Eventually, with the help of a few musician connections, Carrie’s popularity grew and she performed for President Theodore Roosevelt in the early 1900s.
Jacobs Bond held the highest number of sales immediately after a release with "A Perfect Day" back in 1910. The song was a popular hit for the troops during World War I.
Carrie Jacobs Bond was the most successful woman composer of her day, by some reports earning more than $1 million in royalties from her music before the end of 1910.
She was also an artist and designed the covers of her sheet music.
Her final song, “Because of the Light” was published in December 1944 at the age of 82.
In 1970, Carrie Jacobs Bond was inducted into the Songwriters Hall of Fame.
Emma Hodges Manning (1870 – 1954)
First Janesville City Council Woman
Emma was Born to Gilbert T. and Anna Banks Hodges in Monroe, Wisconsin. Emma attended St. Angelus College in Minneapolis, the University of Wisconsin and studied piano in Chicago.
In 1897, she married Elmer J. Manning. In 1923, Emma became the first woman elected to the Janesville City Council where she served from 1923 to 1927.
After her win, the Janesville Daily Gazette wrote “Mrs. Emma Manning is equipped for the place and her success in the face of entrenched opposition of those who do not believe a woman should seek public office, is a remarkable tribute to her splendid qualities.”
Emma was highly active in the community and became involved in the women’s suffrage movement. Mrs. Manning also worked in international peace organizations.
Mrs. Manning was also a member of the Janesville Federation of Women, the Janesville Girl Scouts, the League of Women Voters, the Janesville History Club and the Janesville Woman’s Club Association.
Ruth Barbara Jeffris (1894 – 1973)
President of the Janesville Board of Education
Ruth was born the daughter of Thomas Mouat Jeffris and Harriet Abigail Hall on January 18, 1894.
Ruth was an educated woman, rare for the times. She attended Girton Academy, Winnetka, Illinois and Vassar College, Poughkeepsie, New York.
At age 28, Ruth was appointed to the national board of the YWCA, after leading the YWCA movement and girls’ work in Janesville.
Ruth highly valued education and she served as president of the Janesville Board of Education in the years 1938 and 1939.
Her community activism was inspiring. Ruth was a member of the Women’s History club, the State Historical Society, the Rock County School Committee and the Greater Janesville Corp.
Ms. Jeffris passed away on June 22, 1973, at the age of 79.
Mildred “Dolly” Biemiller Nowlan (1905-1996)
Board Member - The Janesville Women's Club
Dolly was born in Baltimore, Maryland to John and Katherine Biemiller. In 1927, Dolly married Hiram Nowlan and moved to Janesville in 1928.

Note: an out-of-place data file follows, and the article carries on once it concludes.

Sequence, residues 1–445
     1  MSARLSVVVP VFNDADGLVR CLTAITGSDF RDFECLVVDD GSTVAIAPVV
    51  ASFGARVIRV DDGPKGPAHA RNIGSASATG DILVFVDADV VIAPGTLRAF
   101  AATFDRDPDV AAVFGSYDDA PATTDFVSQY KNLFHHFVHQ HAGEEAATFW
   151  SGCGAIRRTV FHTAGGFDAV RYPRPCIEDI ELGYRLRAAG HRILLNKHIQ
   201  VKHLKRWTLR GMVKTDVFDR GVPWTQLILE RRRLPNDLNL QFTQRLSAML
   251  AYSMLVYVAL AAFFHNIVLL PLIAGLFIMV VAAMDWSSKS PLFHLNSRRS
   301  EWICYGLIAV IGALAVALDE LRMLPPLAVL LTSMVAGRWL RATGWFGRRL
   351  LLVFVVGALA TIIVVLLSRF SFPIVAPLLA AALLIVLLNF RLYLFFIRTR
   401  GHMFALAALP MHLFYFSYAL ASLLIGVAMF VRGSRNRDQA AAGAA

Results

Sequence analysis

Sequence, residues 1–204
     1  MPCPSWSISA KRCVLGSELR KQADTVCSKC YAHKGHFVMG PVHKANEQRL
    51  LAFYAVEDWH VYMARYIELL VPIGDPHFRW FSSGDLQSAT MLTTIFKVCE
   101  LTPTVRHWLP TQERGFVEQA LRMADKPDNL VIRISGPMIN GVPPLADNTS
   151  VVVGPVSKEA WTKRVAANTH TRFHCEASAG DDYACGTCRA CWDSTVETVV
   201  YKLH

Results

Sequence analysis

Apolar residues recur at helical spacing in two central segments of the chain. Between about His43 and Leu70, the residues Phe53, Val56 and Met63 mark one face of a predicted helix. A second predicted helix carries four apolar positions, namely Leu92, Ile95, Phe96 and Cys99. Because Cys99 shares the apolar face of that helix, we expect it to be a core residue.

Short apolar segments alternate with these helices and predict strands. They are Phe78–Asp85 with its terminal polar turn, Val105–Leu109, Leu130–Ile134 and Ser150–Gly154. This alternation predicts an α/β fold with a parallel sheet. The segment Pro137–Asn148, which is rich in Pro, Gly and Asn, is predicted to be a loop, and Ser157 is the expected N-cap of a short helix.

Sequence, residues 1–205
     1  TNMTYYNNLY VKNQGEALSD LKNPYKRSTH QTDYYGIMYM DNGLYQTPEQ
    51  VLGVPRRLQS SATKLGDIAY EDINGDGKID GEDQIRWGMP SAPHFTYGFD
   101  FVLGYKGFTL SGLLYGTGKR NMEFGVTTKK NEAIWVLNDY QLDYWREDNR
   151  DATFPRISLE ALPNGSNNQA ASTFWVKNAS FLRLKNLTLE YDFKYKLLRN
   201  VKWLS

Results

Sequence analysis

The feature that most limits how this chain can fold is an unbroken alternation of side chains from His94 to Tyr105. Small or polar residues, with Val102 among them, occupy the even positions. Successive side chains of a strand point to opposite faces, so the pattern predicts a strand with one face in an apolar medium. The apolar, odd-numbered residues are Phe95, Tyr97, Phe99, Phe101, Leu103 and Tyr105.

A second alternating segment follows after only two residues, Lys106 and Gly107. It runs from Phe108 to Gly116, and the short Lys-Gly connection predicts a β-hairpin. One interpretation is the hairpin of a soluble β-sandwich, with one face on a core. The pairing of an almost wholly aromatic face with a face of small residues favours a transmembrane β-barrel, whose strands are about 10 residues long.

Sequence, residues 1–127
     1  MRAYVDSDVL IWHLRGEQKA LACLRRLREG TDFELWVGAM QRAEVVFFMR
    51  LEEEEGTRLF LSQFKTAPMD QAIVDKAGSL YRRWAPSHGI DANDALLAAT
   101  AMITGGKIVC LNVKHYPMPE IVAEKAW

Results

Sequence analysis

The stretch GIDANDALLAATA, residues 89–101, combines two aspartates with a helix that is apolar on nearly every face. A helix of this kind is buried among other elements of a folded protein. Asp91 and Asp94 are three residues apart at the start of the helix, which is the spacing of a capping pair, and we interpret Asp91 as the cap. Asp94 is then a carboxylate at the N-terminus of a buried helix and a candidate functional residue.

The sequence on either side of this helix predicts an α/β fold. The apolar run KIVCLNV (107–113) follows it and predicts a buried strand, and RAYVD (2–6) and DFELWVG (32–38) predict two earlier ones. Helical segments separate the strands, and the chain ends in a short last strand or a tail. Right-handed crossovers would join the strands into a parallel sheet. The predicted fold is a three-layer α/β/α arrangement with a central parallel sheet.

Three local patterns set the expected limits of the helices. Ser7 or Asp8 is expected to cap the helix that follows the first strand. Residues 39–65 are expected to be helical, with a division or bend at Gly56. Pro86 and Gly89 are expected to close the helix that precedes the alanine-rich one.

Mrs. Nowlan was very active in the Janesville community. She was an active member and volunteer for the Janesville Art League, YWCA, Local Red Cross, Rotary Gardens, the Janesville Concert Association, and Beloit Janesville Symphony Orchestra and more.
Janesville Little Theatre's first full-length play, "The New Lady Bantock" - 1930
Dolly also served on the Janesville Women’s Club board and helped develop numerous programs.
The Nowlans raised funds to start the Janesville Little Theatre and donated the Nowlan-Merrill Homestead, next to the Lovejoy home, to the YWCA as a shelter for battered women and children.
The Janesville Woman’s Club
On May 7,1928 the doors of The Janesville Woman’s Club at 108 S. Jackson opened to the public. It has been quite an accomplishment for Janesville - a club of women who have diligently served our community for nearly a century!
When it all began, the land for the club was donated by Mrs. H.W.W. Macloon. George and Martha Parker donated the initial $10,000 to begin the building. Women from the Janesville Art League and Janesville Woman’s Club, as well as other clubs, raised the rest of the funds.
The club has a current membership of about 150 women.
The club’s board includes members from the American Association of University Women (AAUW), Daughters of the American Revolution (DAR), Janesville Art League, Janesville Woman’s Club Association, and MacDowell Music Club. Membership meetings are typically the third Wednesday beginning in September going through May. Guest speakers, demonstrations and food are featured at every meeting.
In 1997, The Foundation for the Preservation of 108 South Jackson (FP108SJ) was established as a non-profit to maintain and preserve the historic Janesville Woman’s Club Building.